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J Comp Physiol B. 2016 Jan;186(1):45-57. doi: 10.1007/s00360-015-0934-4. Epub 2015 Oct 5.

Pharmacological identification of cholinergic receptor subtypes on Drosophila melanogaster larval heart.

Author information

1
Department of Biology and Center for Muscle Biology, University of Kentucky, 675 Rose Street, Lexington, KY, 40506-0225, USA. malloycole@gmail.com.
2
Department of Biology and Center for Muscle Biology, University of Kentucky, 675 Rose Street, Lexington, KY, 40506-0225, USA.

Abstract

The Drosophila melanogaster heart is a popular model in which to study cardiac physiology and development. Progress has been made in understanding the role of endogenous compounds in regulating cardiac function in this model. It is well characterized that common neurotransmitters act on many peripheral and non-neuronal tissues as they flow through the hemolymph of insects. Many of these neuromodulators, including acetylcholine (ACh), have been shown to act directly on the D. melanogaster larval heart. ACh is a primary neurotransmitter in the central nervous system (CNS) of vertebrates and at the neuromuscular junctions on skeletal and cardiac tissue. In insects, ACh is the primary excitatory neurotransmitter of sensory neurons and is also prominent in the CNS. A full understanding regarding the regulation of the Drosophila cardiac physiology by the cholinergic system remains poorly understood. Here we use semi-intact D. melanogaster larvae to study the pharmacological profile of cholinergic receptor subtypes, nicotinic acetylcholine receptors (nAChRs) and muscarinic acetylcholine receptors (mAChRs), in modulating heart rate (HR). Cholinergic receptor agonists, nicotine and muscarine both increase HR, while nAChR agonist clothianidin exhibits no significant effect when exposed to an open preparation at concentrations as low as 100 nM. In addition, both nAChR and mAChR antagonists increase HR as well but also display capabilities of blocking agonist actions. These results provide evidence that both of these receptor subtypes display functional significance in regulating the larval heart's pacemaker activity.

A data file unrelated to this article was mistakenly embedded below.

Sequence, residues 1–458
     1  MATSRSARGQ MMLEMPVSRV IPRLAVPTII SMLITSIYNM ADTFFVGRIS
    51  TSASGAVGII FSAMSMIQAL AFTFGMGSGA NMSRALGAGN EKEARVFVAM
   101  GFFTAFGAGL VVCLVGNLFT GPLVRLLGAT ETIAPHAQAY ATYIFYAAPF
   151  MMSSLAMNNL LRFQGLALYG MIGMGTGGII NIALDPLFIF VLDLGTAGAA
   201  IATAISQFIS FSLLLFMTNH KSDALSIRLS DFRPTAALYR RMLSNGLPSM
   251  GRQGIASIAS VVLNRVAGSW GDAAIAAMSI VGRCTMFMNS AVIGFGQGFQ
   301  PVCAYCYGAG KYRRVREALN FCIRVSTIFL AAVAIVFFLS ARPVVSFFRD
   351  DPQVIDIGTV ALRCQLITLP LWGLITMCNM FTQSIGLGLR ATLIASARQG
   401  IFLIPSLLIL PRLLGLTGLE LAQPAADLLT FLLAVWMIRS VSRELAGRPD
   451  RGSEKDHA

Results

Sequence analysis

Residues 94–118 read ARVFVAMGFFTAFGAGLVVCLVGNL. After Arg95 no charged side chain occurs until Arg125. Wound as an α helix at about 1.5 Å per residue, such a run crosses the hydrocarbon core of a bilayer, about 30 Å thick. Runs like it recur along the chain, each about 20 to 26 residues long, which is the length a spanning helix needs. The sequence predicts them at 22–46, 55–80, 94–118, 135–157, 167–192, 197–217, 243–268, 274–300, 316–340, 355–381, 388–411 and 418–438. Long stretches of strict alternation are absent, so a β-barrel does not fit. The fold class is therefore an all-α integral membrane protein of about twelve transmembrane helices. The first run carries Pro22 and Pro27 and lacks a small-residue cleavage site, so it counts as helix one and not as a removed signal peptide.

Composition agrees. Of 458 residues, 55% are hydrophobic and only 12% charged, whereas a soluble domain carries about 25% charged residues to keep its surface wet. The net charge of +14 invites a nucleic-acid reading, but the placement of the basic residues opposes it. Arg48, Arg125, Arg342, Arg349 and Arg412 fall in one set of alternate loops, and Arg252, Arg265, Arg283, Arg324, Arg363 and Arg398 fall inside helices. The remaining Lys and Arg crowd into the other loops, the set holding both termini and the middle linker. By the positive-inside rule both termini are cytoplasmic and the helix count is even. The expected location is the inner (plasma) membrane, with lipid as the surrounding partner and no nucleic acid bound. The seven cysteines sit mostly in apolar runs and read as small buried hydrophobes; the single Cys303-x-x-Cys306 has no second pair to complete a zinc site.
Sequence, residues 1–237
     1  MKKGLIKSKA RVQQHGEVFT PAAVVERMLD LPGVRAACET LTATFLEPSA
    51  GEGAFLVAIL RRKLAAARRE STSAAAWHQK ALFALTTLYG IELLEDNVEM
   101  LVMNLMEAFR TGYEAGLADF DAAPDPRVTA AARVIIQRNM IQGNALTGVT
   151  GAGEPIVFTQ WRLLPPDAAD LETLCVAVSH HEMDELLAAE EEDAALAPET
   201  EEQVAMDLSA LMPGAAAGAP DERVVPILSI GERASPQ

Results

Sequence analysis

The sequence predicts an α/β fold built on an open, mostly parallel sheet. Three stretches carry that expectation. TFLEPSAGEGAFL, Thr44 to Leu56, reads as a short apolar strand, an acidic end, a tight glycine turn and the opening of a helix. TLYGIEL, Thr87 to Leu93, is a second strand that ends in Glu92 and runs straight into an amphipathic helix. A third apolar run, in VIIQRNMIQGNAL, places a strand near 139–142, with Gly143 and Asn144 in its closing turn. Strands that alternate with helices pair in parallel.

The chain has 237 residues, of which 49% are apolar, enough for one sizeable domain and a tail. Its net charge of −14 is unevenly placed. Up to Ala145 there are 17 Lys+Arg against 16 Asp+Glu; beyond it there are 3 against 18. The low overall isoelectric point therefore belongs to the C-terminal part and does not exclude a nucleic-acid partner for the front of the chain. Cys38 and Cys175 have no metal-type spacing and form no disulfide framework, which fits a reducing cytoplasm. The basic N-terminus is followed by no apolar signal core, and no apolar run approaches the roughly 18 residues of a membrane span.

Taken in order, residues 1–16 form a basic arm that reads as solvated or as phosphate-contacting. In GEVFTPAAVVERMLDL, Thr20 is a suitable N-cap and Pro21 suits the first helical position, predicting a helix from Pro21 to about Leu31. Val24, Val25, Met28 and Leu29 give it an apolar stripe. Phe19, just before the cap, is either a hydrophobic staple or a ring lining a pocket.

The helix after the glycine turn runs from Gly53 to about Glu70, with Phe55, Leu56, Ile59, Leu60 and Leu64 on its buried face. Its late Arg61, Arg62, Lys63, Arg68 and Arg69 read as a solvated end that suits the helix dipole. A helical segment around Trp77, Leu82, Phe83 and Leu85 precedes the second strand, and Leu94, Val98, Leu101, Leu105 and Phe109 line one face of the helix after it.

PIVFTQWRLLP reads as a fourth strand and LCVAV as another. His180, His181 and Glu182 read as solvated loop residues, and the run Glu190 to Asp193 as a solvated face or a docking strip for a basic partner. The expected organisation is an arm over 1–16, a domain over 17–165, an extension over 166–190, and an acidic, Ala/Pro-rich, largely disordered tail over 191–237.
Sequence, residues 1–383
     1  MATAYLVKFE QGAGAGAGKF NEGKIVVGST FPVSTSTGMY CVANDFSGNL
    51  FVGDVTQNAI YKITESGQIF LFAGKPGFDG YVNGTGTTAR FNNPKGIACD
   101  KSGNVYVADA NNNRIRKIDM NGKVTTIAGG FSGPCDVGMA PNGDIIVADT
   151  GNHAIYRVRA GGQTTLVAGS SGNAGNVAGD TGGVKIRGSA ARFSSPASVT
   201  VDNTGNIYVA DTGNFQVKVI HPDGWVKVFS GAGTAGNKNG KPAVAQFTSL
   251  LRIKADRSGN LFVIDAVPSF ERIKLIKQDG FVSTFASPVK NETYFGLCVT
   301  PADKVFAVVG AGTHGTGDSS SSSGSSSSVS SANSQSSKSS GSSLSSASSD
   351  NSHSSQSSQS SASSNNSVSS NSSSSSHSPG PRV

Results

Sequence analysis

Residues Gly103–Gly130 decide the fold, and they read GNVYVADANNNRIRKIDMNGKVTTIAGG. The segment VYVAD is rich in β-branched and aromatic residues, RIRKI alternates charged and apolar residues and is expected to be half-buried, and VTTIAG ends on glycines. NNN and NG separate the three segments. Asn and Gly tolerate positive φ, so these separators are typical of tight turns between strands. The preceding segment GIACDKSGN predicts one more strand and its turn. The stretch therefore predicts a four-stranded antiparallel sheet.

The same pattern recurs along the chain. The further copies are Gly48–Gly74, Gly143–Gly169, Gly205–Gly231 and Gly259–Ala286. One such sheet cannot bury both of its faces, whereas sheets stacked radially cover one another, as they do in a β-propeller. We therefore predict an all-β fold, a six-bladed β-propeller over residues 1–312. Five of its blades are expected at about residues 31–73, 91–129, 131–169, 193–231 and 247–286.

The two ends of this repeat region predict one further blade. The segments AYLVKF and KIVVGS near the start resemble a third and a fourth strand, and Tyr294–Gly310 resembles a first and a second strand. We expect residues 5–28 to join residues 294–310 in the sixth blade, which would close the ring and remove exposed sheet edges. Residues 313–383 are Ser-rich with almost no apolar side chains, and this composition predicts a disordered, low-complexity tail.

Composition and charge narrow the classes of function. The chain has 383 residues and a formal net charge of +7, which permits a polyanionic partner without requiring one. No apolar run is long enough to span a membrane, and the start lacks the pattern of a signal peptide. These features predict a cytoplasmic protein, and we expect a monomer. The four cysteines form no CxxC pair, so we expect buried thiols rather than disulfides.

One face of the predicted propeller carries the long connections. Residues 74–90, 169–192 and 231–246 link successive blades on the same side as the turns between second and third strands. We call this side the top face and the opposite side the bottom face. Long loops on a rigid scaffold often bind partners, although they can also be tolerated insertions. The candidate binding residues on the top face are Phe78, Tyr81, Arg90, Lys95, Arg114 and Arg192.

KEYWORDS:

Acetylcholine; Drosophila melanogaster; Heart; Muscarinic receptor; Nicotinic receptor; Pharmacology

PMID:
26438517
DOI:
10.1007/s00360-015-0934-4
[Indexed for MEDLINE]

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